Canadians will be paying more to smoke their cigarettes in 2020, with more than 50 per cent of the market expected to be in Canada.
Key points:Cigarette producers say they will see a 10 per cent increase in salesThe market is expected to account for a tenth of the global marketThis will mean that most Canadians will be able to buy their first cigarette in 2019While there is still a lot of uncertainty over how the world will react to a worldwide ban on cigarette use, a report from tobacco producers says the world’s largest tobacco market could see a substantial increase in the number of people using cigarettes, from a current average of 1.4 million cigarettes per person to about 1.7 million by 2020.
“We think that by 2020 we will have seen a 20 per cent reduction in smoking prevalence in Canada, with tobacco producers saying that by then there will be a 10-per-cent increase in cigarette sales,” said Peter Haines, the head of tobacco at Philip Morris Canada, a division of the multinational tobacco giant.
“The challenge is, what do you do with that increase?
You can either drive more people to quit, or you can take some of the money from those people and invest it into other sectors that people want to invest in, such as education and research.”
Cigarettes are now the second largest category of tobacco products in the Canadian economy, accounting for over 60 per cent in terms of sales, according to the latest figures from Statistics Canada.
However, despite a strong Canadian economy and the fact that more people are buying cigarettes, tobacco producers say there is more uncertainty about the global impact of the tobacco ban than previous estimates.
“This is a very important report because it tells us what the impact is going to be, and that is, will it drive down tobacco consumption?
Or will it make people who want to smoke less, and more people will quit?”
Mr Hainess said.
“If the data shows that it is the former, we will be very happy.
If the data does not show that, we are going to look at the impact on the economy, but also to look for other ways to stimulate growth in the economy.”
The report, published in the journal Tobacco Control, comes at a time when Canada’s economy is facing a severe shortage of the cigarette that is often consumed by millions of Canadians every day.
“Canada is the second-largest tobacco market in the world, and this report provides a clear picture of how much this market is going be impacted by the cessation of the worldwide tobacco ban,” said Anne-Marie Slaughter, the director of the Centre for Tobacco Control Research and Policy at the University of British Columbia.
“While the tobacco industry has long been a leading market in Canada for cigarettes, the market for cigarettes has been severely hit in recent years by the global ban on tobacco products.”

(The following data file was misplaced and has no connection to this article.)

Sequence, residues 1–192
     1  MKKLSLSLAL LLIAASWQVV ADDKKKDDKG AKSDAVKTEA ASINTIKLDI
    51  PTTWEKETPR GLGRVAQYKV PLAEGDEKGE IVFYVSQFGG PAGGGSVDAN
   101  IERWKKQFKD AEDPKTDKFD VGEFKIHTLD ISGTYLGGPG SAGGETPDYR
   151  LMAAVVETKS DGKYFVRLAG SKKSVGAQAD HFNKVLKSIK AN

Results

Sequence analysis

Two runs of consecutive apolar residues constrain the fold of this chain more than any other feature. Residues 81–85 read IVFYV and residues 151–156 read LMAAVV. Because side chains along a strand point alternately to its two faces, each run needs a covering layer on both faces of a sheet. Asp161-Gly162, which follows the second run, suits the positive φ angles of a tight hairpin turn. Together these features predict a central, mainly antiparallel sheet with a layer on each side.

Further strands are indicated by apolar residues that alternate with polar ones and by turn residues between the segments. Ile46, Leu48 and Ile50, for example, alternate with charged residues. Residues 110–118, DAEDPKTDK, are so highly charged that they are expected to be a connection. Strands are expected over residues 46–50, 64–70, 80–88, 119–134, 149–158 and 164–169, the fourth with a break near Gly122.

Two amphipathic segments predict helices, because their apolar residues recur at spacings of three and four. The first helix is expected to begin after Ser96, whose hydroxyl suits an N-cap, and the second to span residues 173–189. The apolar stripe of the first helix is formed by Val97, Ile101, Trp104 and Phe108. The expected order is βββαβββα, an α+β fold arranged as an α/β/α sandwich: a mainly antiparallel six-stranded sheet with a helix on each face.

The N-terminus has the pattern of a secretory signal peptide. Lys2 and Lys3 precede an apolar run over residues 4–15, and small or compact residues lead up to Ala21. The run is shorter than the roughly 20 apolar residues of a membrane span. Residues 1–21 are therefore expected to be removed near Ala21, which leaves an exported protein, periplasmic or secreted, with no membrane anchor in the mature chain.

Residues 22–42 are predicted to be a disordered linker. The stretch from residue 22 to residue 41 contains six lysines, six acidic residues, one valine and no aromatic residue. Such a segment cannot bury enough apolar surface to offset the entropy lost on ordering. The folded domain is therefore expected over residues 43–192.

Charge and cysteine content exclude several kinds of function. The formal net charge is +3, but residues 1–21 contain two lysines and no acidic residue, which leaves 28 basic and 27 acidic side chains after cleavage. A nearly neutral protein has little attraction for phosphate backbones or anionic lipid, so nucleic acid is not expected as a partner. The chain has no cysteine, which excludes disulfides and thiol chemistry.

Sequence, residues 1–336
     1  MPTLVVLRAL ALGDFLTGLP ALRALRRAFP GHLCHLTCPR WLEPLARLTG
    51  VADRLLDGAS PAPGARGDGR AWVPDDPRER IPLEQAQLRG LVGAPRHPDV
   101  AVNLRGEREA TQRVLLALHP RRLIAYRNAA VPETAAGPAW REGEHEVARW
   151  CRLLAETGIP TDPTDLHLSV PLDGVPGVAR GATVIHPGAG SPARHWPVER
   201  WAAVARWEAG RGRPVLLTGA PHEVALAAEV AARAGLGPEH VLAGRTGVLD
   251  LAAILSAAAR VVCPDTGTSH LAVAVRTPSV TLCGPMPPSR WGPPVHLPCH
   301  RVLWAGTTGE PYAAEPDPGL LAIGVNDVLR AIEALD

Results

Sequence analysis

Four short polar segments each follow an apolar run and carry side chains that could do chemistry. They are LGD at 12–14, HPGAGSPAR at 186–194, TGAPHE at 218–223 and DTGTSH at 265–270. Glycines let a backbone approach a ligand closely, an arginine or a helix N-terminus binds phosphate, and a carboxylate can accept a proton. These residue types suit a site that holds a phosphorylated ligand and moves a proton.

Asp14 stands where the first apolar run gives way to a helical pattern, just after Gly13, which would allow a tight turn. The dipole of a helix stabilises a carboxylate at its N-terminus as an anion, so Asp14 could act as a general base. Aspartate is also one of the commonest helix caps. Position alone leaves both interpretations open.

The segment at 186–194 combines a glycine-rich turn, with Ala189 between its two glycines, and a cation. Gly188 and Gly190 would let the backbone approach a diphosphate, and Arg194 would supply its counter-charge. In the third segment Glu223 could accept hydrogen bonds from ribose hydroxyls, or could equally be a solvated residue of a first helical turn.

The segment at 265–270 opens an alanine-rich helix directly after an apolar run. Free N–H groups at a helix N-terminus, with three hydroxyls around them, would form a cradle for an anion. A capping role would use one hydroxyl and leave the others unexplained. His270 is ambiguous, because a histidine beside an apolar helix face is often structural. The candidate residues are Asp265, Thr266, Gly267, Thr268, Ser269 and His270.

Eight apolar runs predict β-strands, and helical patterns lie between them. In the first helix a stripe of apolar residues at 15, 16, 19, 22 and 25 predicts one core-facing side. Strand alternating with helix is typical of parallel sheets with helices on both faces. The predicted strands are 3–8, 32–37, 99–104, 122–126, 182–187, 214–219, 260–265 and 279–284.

Tobacco producers in Canada are concerned about the future of the world tobacco market.
“There is a lot more uncertainty around what is going on in the global tobacco market,” said Andrew Schott, vice president of the Canadian Association of Importers and Exporters.
“That’s why I think it is important that Canadians have this report to see what the global economic impact of this is going do to their health.”
But Dr Slaughter said the research from Philip Morris was based on estimates of what was actually happening in the market.
It is not a comprehensive analysis of all the changes in the tobacco market, but instead relies on estimates from several companies that have different perspectives on what is happening.
“They’re all looking at the same place, so they don’t really have the same understanding of what the market is doing,” she said.
In the report, tobacco producer John Ritchie said that even though there are some differences between the companies, he believes they all agree that there is a shift towards less consumption.
“It seems to be a fairly steady decline over the last couple of years,” Mr Ritchie told the National Post.
“I think it’s not a big surprise that people would be concerned, but I don’t think it necessarily reflects the reality of the marketplace.”
While the global industry has seen a 10 to 20 per-cent decline in sales, Mr Rittmans company said that it was the smallest decrease since it started tracking tobacco sales in 2000.
“Even though the number has decreased in the last two years, we still have a strong market presence in Canada,” he said.
A study by the Tobacco Control Group found that the world was moving away from cigarettes to cigars, pipe tobacco and other tobacco products.
“In the last year or two, the tobacco control industry has been hit with a significant slowdown in the pace of global growth,” the report said.
However Dr Slaughter says the tobacco trade is not necessarily slowing down in Canada and that there will always be demand for tobacco products from countries around the world.
“At the end of the day, the main thing that drives this industry is the demand that’s out there,” she